“Because the HCU utilizes the DX (direct-expansion) coil and the desiccant wheel where they are most efficient, the unit functions with a low specific-heat ratio and very high energy-efficiency rating,” said Bogran. “The waste heat from the condenser coil drives moisture off of the desiccant wheel, so no extra energy needs to be expended for this purpose. This saves energy dollars associated with ventilation and overcooling.”

The control unit is capable of delivering dew points below 45 degrees in even the highest humidity-load conditions and its use can result in as much as 40 percent overall energy savings, while providing comfortable outlet temperature, Bogran added.

Bogran (left) and Martin had to figure out a way to keep Northside Elementary school summer staff comfortable while the project was completed.

A test

Bogran devised a plan to control the indoor environment by placing an HCU 3000 unit, featuring 2,400- to 3,400 nominal cfm ratings, on each end of the school.

In this design, the units would push dry air from both ends of the school toward the middle of the building, supplying 45-degree dew-point air into the space and providing for a minimum of 0.5 air changes per hour.

Martin approved the plan and Munters Moisture Control Services placed the equipment outside the schools at the pre-determined locations. Munters personnel ducted the equipment through temporary access panels provided by the school. Air distribution within the school was delivered by disposable, lay-flat ductwork.

Bogran strategically placed smaller, portable refrigerant dehumidification units in each of the school’s libraries as an additional precautionary measure to protect the sensitive items in them.

Munters personnel were on site to start and calibrate all of the equipment, and provided equipment operation training.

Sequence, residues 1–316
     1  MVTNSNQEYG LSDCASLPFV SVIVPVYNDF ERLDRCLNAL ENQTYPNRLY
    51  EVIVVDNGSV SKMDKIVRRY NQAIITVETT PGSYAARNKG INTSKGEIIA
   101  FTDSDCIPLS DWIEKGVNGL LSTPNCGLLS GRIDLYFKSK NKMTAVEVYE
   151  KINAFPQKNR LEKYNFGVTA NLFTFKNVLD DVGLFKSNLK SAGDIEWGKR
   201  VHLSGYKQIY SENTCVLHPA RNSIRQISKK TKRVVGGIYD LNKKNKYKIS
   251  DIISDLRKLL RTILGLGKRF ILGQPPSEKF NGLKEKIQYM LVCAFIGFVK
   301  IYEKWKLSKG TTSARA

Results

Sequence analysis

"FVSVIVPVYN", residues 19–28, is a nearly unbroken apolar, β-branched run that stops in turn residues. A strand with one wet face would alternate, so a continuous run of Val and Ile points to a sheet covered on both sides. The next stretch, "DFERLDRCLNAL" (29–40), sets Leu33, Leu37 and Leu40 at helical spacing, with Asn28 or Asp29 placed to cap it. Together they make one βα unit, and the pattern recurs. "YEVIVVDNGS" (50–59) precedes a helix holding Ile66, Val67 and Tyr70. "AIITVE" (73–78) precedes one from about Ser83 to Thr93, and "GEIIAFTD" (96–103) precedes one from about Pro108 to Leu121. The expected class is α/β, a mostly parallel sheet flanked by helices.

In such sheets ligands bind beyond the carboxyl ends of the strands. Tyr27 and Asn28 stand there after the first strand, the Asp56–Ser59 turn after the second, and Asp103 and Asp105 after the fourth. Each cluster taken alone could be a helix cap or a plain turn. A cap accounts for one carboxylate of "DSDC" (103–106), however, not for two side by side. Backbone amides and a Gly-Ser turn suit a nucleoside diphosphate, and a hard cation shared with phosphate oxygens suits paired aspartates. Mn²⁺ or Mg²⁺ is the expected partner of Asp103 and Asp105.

The units remained for eight weeks, overlapping the installation of the new chillers for a week so school officials could verify that controls on the new chillers were set and the upgrade was successful.

Martin and members of the Texas City Independent School District were pleased.

“I was extremely satisfied with the project results and have even bragged to other personnel in the district about the results,” said Martin. “I recall one particular day when it was 92 degrees outside and 90 percent relative humidity, but inside the schools it was 80 degrees at 40 percent relative humidity.”

Besides controlling humidity inside each school, the units provided a light-cooling load that made the environment more comfortable for the custodians performing remodeling projects and other summer maintenance work.

Martin also learned firsthand about the innovative, energy-efficient design of the Munters unit.

“We only used a 100-amp service for two units to keep the buildings around 80 degrees and around 30 percent humidity,” said Martin. “We may outline this project at a future energy managers meeting to introduce the HCU to our colleagues from around the state of Texas.”

Martin is even pondering permanent installations for use during summers to control humidity and save on energy costs.

“The new chillers require more energy to run - 400 (to) 500 amps with air handlers - whereas two HCU units use 70 amps total,” he said. “If we can keep from running a 250-ton chiller during the summer and run an HCU to keep the school reasonably cool and dry, we definitely will save energy costs.”

This article and its images were supplied by Munters Moisture Control Services.